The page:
My rating: A weak 3 stars out of 4.

1 comment:

  1. The opening is definitely very jarring and it doesn't serve the story in any way. It would have been an interesting side project (music video, viral video etc.) but as a lead in to a film which is supposed to be equal parts quiet and creepy (with the occasional foray into action) it does not serve well. Now I am willing to admit that going in I was ready not to like it and try as I might (and I tried) I could not get into the portrayal of Lisbeth from Rooney Mara. And for me, that is the key to the whole thing. As Matt mentioned, Noomi Rapace lived and breathed this character and while Mara certainly took the time to craft her own perspective I was left feeling that she missed the mark.

    For me Lisbeth should be visually slight (in the book she is mentioned to weigh 90 lbs) but personally imposing. The key here is that because she is so small people try to take advantage of her but because of her personality no one ends up succeeding. With Mara's portrayal of the character she comes across as both slight and sightly afraid, which is something (for me) that Lisbeth never is. That is the key to her character for me, that even when she should be scared....she's not. It puts her in insane situations and somehow manages to work in her favour but she does not always come out the other side unscathed.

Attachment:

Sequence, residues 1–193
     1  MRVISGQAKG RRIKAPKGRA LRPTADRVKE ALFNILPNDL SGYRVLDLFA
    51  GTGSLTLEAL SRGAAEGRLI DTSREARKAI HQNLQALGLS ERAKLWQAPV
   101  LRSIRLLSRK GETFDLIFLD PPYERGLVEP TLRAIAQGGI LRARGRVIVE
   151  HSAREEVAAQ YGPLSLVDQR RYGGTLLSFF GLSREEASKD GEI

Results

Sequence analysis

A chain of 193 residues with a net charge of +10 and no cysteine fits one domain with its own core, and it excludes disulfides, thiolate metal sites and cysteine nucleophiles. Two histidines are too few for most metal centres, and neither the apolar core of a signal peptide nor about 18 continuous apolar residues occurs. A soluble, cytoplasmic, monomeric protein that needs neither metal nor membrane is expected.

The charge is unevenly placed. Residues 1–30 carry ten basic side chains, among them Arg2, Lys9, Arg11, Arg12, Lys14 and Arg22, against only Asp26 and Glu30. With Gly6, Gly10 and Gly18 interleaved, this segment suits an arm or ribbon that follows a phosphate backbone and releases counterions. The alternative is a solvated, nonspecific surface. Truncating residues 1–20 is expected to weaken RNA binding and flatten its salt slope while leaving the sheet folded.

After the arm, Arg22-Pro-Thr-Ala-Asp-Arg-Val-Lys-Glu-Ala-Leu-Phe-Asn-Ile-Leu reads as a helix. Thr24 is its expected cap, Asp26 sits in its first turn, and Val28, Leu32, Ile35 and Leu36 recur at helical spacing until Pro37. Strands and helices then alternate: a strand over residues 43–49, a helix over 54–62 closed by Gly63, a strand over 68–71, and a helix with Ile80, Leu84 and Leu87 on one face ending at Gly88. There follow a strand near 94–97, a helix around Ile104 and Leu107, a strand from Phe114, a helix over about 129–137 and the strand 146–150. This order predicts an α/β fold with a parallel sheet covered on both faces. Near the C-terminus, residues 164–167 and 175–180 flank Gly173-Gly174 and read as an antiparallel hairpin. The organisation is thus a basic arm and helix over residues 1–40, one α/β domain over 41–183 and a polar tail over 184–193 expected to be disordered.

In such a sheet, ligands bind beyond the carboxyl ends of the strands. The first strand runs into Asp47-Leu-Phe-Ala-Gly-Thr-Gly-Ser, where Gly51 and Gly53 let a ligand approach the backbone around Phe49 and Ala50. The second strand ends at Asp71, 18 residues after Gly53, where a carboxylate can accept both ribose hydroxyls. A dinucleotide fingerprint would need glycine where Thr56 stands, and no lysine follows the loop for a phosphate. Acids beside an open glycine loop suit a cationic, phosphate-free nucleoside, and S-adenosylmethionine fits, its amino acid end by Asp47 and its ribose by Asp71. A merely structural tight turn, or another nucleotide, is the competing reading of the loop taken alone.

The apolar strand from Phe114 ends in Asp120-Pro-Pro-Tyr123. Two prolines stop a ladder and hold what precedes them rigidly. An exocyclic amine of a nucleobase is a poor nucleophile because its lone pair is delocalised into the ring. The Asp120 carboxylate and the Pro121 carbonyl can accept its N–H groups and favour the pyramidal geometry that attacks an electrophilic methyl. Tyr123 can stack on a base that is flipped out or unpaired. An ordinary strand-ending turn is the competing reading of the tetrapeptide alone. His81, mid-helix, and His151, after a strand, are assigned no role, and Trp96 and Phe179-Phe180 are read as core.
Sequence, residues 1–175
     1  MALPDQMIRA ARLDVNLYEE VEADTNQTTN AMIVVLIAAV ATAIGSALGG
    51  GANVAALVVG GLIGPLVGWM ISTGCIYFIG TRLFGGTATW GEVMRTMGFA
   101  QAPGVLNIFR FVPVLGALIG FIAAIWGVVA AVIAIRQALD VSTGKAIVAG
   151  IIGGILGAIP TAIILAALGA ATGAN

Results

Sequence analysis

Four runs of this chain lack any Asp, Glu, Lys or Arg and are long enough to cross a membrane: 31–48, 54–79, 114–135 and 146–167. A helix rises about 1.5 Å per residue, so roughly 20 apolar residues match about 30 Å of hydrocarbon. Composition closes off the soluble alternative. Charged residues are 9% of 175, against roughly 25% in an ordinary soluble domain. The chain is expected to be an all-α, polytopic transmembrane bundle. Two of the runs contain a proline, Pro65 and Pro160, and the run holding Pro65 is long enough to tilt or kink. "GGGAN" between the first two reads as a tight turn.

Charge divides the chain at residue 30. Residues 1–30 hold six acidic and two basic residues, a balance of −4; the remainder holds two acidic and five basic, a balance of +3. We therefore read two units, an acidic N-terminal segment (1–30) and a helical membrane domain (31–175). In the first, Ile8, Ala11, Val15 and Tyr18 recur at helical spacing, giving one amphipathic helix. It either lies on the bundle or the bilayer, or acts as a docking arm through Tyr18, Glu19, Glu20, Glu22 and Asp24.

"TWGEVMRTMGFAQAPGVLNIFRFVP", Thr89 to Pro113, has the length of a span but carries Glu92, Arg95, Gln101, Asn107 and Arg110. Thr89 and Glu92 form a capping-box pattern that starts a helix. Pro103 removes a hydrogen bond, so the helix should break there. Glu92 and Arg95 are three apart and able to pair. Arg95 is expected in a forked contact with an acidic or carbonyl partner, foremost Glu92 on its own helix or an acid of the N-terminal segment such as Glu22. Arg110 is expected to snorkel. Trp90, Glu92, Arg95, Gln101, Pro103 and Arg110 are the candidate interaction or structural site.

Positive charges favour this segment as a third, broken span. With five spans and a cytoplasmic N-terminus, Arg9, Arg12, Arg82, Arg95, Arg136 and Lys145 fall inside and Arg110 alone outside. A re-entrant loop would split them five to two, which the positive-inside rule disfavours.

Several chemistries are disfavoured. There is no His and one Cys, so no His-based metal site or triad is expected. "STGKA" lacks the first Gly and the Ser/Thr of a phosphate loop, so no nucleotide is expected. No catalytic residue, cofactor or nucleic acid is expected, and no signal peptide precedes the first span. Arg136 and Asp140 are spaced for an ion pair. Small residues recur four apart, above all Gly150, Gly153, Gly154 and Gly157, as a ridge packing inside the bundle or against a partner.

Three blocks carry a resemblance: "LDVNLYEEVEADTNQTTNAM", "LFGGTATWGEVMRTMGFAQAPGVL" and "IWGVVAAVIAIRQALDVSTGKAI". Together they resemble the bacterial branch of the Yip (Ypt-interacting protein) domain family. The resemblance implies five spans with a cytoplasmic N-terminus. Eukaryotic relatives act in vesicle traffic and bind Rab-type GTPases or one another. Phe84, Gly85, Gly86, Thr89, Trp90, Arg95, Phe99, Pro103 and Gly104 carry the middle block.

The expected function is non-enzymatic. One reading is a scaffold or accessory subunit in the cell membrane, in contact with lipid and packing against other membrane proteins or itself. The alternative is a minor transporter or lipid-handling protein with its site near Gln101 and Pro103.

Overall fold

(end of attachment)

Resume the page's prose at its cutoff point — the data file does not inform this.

Ultimately it's an interesting film, if a little slow. I think being in possession of the answers to all the questions that Lisbeth and Mikael are asking makes the process of sifting through all this information a little tedious for the repeat viewer. I also think that Fincher may have elongated the wrong moments in some instances in an attempt to set simultaneous events apart from one another (and show their dichotomy). This serves to offset the pacing of certain key moments in a way that I'm not totally comfortable with.

    As Matt mentioned, it's well made, if a little cavalier so if you've only read the books or have no knowledge of the story you will likely enjoy it but if you have the chance, I would suggest checking out the original Swedish adaptation instead.